On Sunday, ESPN cried foul and said it had been scammed into airing the football games of a little-known Ohio charter school, and now the fallout begins as the school fired its coach today.
ESPN was miffed during the airing of Sunday’s Sycamore Bishop football game. The network had agreed to air the school’s games thinking its football program was up-and-coming. It turns out it was anything but, and even as they aired the game, ESPN’s on-air commentators began insisting they had been duped.
ESPN’s commendations WENT IN on Bishop Sycamore Ὀ pic.twitter.com/RCJv46gOA3
— BuckeyeScoop.com (@kirk_barton) August 29, 2021
Naturally, the team was crushed in the game with a final score of 58-0. But this poor showing has been the standard for the Bishop Sycamore team. In fact, the team has only won five games in its entire existence. The situation is such an embarrassment for everyone that Ohio Governor Mike DeWine has called for the state’s Department of Education to investigate the whole thing.
Now the charter school is taking action by firing its coach, Roy Johnson. In addition, the school’s director, Andre Peterson, is looking to file fraud charges against the coach and wants an investigation into the team’s injury tracking procedures as “part of a lot of things” that formed some of the reasons Johnson was released.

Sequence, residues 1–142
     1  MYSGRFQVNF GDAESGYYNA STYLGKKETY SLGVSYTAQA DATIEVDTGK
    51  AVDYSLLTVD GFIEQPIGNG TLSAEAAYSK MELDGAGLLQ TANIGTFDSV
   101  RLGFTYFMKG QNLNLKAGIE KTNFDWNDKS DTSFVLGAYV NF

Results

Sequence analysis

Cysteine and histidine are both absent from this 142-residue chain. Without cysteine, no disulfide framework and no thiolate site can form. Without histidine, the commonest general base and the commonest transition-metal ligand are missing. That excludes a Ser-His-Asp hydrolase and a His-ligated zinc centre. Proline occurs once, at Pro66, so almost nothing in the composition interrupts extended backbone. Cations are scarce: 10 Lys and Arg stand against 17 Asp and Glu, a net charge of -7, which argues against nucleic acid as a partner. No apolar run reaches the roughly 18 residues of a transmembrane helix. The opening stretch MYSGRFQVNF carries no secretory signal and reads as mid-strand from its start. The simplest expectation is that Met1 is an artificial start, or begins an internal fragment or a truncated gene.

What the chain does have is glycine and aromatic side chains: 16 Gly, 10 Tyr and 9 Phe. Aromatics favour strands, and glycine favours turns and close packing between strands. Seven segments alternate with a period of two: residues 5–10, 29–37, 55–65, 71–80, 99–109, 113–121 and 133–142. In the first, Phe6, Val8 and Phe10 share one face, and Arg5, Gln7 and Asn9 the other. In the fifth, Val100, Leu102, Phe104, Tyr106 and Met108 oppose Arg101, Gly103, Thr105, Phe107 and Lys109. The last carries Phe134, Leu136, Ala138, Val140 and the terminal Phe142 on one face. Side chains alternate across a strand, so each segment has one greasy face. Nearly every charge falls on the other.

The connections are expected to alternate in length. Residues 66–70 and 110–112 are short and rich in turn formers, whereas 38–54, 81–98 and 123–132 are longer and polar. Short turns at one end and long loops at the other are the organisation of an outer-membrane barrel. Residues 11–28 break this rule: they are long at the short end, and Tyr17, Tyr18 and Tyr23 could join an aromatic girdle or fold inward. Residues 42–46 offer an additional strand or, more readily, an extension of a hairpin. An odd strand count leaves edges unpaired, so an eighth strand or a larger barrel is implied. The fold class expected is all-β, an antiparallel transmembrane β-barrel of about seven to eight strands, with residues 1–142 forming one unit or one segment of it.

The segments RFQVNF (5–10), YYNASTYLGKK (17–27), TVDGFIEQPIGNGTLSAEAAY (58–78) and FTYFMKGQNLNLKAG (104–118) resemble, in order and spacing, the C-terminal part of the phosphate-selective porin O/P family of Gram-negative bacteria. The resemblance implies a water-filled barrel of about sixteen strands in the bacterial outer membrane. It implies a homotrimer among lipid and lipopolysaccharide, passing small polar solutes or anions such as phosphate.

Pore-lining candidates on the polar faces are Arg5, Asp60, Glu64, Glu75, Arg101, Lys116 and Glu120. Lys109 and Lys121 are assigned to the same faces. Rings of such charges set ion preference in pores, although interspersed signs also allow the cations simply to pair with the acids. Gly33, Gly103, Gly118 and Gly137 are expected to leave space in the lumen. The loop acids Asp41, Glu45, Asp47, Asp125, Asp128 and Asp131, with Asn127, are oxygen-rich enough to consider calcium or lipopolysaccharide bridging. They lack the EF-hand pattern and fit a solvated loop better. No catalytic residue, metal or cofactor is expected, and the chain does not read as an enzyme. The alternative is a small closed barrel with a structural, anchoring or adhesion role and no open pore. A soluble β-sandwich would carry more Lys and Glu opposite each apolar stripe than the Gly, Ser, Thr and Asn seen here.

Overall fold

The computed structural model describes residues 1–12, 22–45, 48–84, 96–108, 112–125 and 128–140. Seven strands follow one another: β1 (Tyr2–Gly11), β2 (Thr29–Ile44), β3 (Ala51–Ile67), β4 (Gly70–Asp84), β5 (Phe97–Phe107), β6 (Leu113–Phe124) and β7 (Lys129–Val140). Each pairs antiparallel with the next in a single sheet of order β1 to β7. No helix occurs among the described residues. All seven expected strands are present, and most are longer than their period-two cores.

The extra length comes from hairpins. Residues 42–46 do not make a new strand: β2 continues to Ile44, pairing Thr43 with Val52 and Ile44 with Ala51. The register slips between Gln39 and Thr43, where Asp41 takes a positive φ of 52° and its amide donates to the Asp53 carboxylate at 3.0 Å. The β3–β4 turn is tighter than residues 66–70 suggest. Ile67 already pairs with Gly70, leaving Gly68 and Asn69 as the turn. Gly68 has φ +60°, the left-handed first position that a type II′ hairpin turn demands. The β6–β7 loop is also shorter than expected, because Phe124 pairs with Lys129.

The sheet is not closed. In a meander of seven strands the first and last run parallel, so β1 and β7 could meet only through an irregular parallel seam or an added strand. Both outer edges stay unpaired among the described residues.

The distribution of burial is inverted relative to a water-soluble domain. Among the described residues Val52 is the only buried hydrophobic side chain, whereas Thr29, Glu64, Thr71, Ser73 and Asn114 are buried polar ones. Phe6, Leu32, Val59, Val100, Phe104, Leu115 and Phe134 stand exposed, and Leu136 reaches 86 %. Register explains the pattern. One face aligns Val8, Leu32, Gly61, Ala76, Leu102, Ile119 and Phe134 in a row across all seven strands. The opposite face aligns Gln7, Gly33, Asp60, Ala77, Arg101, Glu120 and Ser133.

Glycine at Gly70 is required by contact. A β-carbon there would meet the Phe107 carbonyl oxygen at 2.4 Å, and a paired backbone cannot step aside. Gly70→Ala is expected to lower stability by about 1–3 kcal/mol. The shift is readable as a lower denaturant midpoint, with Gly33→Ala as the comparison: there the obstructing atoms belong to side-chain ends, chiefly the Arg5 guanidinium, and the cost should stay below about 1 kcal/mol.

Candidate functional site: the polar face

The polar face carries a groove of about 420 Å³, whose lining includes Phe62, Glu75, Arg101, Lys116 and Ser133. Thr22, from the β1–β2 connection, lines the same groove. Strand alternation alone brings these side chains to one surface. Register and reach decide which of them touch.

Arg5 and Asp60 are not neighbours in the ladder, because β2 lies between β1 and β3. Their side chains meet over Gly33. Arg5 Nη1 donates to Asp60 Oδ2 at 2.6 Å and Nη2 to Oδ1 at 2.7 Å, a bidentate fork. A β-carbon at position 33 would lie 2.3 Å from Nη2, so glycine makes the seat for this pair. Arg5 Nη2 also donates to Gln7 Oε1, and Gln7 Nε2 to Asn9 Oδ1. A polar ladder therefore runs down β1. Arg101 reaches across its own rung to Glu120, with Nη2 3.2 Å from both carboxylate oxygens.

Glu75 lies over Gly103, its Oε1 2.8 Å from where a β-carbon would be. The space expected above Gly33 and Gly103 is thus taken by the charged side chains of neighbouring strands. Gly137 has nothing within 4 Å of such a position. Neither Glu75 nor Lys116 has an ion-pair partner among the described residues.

“I value him as a person, but I just thought right now he needed to step down, he needed to go,” Peterson told USA Today. “We just decided to mutually part ways.”
Outkick also noted that Johnson has a passel full of legal troubles:
Bishop Sycamore football coach Leroy (Roy) Johnson… faces an active warrant out of Delaware, Ohio, and multiple civil lawsuits, according to court documents obtained by OutKick.
The bench warrant for failure to appear in a domestic violence case, which was eventually dropped to a criminal mischief charge, was issued July 2 by the Delaware County Sheriff’s Office and remains active.
Then Friday, a Franklin County judge ruled Johnson and Jay Richardson, a former Ohio State Buckeye and current Columbus prep sports TV personality, will go to trial for defaulting on a $100,000 loan issued in April 2018 that was never repaid to First Merchants Bank.
During Sunday’s broadcast, ESPN’s Anish Shroff admitted that the network was never able to verify the claims that Johnson made in his bid to convince ESPN to air the games.
“Bishop Sycamore told us they had a number of Division I prospects on their roster, and to be frank, a lot of that, we could not verify,” Shroff said. “They did not show up in our database, they did not show up in the databases of other recruiting services. So, OK, that’s what you’re telling us, fine, that’s how we take it in. From what we’ve seen so far, this is not a fair fight, and there’s got to be a point where you’re worried about health and safety.”
Yet ESPN aired the game anyway.
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